I thought Ryan Hunter-Reay was gracious in deflecting credit to Marco's setup helping him the race, which is what true pros do. I firmly believe RHR and James Hinchcliffe buy into the "if one shines we all shine" philosophy, but Marco, I'm not so sure. He hollers on the radio if his car isn't perfect, he hollers when his teammates race him hard, and he just has a major issue with his attitude.
No doubt he is disappointed with how the season is going, but his performance has been less than stellar since winning Iowa a year ago. At some point he has to do some soul searching because family is family, and business is business. As Hinchcliffe has proven, there are a lot of capable drivers just itching for a good seat, people who could take that equipment and put it in the top 10 most every weekend.
His worst attribute on the track is his complete lack of patience. When things don't go his way, he goes off the deep end. Some drivers can make the most out of bad situations, he cannot. You can blame a lot of it on bad luck, and he has had his moments, but lots of other guys have too. At some point you have to produce, and he isn't doing it. And yes, a lot of it is his own fault.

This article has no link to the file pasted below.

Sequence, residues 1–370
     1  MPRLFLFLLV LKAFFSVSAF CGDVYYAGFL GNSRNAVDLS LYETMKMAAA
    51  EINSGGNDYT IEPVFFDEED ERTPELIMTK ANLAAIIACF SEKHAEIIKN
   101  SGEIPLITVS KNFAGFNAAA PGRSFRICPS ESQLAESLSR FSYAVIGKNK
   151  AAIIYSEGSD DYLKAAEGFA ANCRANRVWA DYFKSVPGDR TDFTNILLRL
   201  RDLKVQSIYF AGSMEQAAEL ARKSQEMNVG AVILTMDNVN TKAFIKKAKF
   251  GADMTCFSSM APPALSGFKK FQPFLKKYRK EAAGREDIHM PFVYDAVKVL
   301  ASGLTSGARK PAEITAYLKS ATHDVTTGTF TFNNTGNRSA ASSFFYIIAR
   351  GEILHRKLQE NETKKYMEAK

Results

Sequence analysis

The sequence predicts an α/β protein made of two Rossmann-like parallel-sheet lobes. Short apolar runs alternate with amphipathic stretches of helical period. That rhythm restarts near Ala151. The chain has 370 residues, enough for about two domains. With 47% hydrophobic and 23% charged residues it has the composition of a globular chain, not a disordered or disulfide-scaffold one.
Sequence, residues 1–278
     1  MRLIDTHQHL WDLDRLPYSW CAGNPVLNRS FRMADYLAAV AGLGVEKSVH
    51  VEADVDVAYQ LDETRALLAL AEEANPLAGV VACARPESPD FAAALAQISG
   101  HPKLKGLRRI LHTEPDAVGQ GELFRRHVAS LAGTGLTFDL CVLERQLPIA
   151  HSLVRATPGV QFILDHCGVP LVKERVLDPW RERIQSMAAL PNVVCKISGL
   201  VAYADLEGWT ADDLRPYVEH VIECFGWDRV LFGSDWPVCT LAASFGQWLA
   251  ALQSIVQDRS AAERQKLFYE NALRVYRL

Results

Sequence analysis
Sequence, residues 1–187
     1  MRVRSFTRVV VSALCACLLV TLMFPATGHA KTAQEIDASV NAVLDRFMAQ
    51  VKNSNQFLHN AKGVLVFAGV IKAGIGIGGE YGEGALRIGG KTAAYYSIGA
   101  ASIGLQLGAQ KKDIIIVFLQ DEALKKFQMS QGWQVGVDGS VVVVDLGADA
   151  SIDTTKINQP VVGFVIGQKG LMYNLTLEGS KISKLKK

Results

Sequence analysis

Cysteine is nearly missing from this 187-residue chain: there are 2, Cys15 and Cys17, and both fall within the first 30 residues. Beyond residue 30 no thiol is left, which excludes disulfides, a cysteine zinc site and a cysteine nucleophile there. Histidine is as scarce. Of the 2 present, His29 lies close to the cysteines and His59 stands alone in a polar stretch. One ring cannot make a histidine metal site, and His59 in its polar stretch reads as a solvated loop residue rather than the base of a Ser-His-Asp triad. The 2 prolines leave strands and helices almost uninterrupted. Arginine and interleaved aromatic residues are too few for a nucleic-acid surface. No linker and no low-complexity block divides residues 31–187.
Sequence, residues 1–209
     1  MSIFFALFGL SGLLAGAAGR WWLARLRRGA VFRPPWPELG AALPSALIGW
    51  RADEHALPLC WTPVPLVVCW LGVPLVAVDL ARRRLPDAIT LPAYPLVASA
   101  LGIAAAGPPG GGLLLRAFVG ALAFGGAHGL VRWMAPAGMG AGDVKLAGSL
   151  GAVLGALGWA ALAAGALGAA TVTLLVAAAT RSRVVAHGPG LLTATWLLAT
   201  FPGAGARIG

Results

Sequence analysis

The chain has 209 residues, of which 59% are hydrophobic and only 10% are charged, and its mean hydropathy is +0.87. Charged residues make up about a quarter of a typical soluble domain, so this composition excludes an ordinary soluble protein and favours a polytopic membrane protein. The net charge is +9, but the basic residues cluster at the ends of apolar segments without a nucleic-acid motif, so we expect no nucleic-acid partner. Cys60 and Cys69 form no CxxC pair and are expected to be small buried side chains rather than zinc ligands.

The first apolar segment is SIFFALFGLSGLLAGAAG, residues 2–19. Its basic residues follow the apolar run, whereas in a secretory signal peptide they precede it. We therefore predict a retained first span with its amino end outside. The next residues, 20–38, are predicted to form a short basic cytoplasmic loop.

*Dario Franchitti is up for an ESPY Award in the Best Driver category, joining fellow nominees Tony Stewart, Sebastan Vettel and drag racer Del Worsham. Look for Stewart to win the popularity contest (ahem, sorry, award) as a Cup driver has taken home the hardware every year since 2006. Jimmy Vasser was the last IndyCar driver to win the award in 1997.
Based on his 2011 championship (his third in a row, by the way) and 2012 Indy 500 win, Franchitti is a good choice. However, if you had to pick the best driver in the series, RIGHT NOW, who would it be?
In my mind, it's Scott Dixon.
I posted that same question on Twitter during the Texas race (prior
to his crash...ouch) and the the few responses I did receive pretty much
agreed with that sentiment. I know I am more and more on his bandwagon,
but I feel like it is deserved.
Put it this
way: how many drivers walk into the paddock each weekend as a threat to
win? Sure, there are lots of guys that COULD win if all went right, but
how many run at or near the front week in and week out?